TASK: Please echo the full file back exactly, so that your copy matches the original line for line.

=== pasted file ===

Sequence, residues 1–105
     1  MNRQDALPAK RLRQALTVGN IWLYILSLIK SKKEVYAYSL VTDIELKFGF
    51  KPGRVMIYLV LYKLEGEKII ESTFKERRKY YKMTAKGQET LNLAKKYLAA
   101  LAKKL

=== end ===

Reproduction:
Sequence, residues 1–105
     1  MNRQDALPAK RLRQALTVGN IWLYILSLIK SKKEVYAYSL VTDIELKFGF
    51  KPGRVMIYLV LYKLEGEKII ESTFKERRKY YKMTAKGQET LNLAKKYLAA
   101  LAKKL